Inevitably, by any sensible measure, this response could inflict starkly grievous harms.

It is now also worth considering that a North Korean missile reprisal against US interests and personnel would not automatically exclude the American homeland. However, should the North Korean president maintain a determinedly rational “ladder” of available strategic options, he would almost certainly resist targeting any vulnerable civilian portions of the United States. Should he remain determinably willing to strike targets in South Korea and/or Japan, he would still incur very substantial risks of an American nuclear counter-retaliation.

In principle, at least, any such US response would follow directly from this country’s assorted treaty-based obligations regarding “collective self-defense.”[10]

Such risks would be much greater if Kim’s own aggressions[11]had already extended beyond hard military assets, either intentionally or as “collateral damage” brought unwittingly to soft civilian populations and/or infrastructures.

There is more. Even if the unimaginably complex game of nuclear brinksmanshipin Northeast Asia were being played exclusively by fully rational adversaries, the rapidly accumulating momentum of events between Washington and Pyongyang could still demand each “contestant” to strive relentlessly for escalation dominance. It is in the notably unpracticed dynamics of such an explosive rivalry that the prospect of an actual “Armageddon” scenario could plausibly be actualized.

“Sometimes,” reminds Friedrich Durrenmatt, “the worst does happen.”

This unprecedented outcome could be produced in unexpected increments of escalation by either or both dominant national players, or instead, by some sudden quantum leap in destructiveness undertaken by the United States and/or North Korea.

Looking ahead, the only predictable element of this foreseeable US-North Korea strategic game is this situation’s irremediable and boundless unpredictability. Even under the very best or optimal assumptions of enemy rationality, all relevant decision-makers would have to concern themselves with potentially dense or confused communications, inevitable miscalculations, cascading errors in information, unauthorized uses of strategic weapons, mechanical, electrical or computer malfunctions and poorly-recognized applications of cyber-defense and cyber-war.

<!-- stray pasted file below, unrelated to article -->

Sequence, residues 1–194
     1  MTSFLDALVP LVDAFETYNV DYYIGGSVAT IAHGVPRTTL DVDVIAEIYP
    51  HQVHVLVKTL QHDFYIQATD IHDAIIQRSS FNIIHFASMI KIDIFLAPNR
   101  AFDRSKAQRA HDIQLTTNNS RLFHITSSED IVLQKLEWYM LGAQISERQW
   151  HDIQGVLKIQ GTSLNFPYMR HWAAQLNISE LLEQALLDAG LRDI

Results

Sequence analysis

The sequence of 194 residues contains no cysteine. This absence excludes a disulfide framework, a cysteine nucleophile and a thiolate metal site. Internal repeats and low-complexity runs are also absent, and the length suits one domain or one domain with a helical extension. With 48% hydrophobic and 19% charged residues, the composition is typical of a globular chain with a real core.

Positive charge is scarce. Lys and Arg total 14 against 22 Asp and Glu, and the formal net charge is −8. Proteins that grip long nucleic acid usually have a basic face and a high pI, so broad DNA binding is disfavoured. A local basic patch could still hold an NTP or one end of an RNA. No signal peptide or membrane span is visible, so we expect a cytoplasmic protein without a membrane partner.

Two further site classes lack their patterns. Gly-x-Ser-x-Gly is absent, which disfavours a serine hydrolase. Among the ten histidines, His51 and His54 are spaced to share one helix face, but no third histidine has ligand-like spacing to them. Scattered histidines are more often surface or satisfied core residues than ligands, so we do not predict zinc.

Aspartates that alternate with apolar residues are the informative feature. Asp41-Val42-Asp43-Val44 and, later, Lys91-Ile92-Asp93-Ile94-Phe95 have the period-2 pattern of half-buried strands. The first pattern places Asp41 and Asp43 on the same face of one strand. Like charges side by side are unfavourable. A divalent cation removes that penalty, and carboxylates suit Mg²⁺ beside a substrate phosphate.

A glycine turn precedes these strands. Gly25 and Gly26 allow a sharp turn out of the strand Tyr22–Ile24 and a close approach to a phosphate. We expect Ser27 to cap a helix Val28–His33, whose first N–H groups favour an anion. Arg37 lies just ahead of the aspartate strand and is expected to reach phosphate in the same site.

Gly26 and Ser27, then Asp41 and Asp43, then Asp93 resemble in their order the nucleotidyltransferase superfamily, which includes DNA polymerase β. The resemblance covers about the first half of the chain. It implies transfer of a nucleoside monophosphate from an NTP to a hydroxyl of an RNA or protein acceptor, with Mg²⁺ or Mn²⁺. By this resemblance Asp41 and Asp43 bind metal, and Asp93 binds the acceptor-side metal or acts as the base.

Technically, one further analytic distinction is needed between inadvertent nuclear war and accidental nuclear war. By definition, an accidental nuclear war would be inadvertent, but reciprocally, an inadvertent nuclear war need not necessarily be accidental. False warnings, which could be spawned by mechanical, electrical or computer malfunction, or by hacking,[12]would best fit under the clarifying narratives of an accidental nuclear war. Most worrisome, however, for all concerned, would be those forms of inadvertent nuclear war occasioned not by accident, but by confusion and/or miscalculation.

Irony is applicable. Such prospectively irremediable outcomes could be expressed though neither side had actually wanted war.

“Everything is very simple in war,” says Carl von Clausewitz inOn War, “but the simplest thing is still difficult.” With this seemingly banal but still profound observation, the classical Prussian strategist makes plain that capable military planning is always problematic. In large measure, this is because of what Clausewitz so famously called “friction.”In essence, friction describes “the difference between war as it actually is, and war on paper.”

Unless US President Donald Trump is able to better understand this core concept and prepare to meticulously manage all unpredictable risks of an unintentional war with North Korea, any future warnings about “rocket man” would prove operationally immaterial or blatantly injurious. While the specific identifiable risks of any deliberate or intentional nuclear conflict between the United States and North Korea should remain front and center in Washington, such formidable risks ought never be assessed apart from these other hazards of crisis decision-making. Significantly, all of these strategic risks could be overlapping, mutually reinforcing and/or synergistic. In at least some suchdaunting circumstances, the palpable “whole” of cumulative risk effects would be greater than the simple additive sum of constituent “parts.”